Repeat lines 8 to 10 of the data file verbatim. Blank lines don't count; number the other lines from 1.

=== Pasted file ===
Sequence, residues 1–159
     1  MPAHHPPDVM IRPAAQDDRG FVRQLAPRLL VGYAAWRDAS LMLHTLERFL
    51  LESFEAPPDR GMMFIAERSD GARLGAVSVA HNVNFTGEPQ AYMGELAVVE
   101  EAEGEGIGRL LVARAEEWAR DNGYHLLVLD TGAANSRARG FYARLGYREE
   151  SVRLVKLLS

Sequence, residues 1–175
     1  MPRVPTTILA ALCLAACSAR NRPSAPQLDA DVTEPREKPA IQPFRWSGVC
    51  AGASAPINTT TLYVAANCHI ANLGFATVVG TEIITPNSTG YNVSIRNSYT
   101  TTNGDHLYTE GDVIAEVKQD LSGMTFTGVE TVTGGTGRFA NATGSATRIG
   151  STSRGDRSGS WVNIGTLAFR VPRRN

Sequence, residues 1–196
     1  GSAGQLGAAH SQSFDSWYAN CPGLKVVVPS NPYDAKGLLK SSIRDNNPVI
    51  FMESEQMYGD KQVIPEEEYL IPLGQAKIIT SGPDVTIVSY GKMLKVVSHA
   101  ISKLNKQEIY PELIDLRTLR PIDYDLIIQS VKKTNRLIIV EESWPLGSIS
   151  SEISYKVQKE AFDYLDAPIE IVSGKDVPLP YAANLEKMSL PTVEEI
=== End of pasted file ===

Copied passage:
    51  AGASAPINTT TLYVAANCHI ANLGFATVVG TEIITPNSTG YNVSIRNSYT
   101  TTNGDHLYTE GDVIAEVKQD LSGMTFTGVE TVTGGTGRFA NATGSATRIG
   151  STSRGDRSGS WVNIGTLAFR VPRRN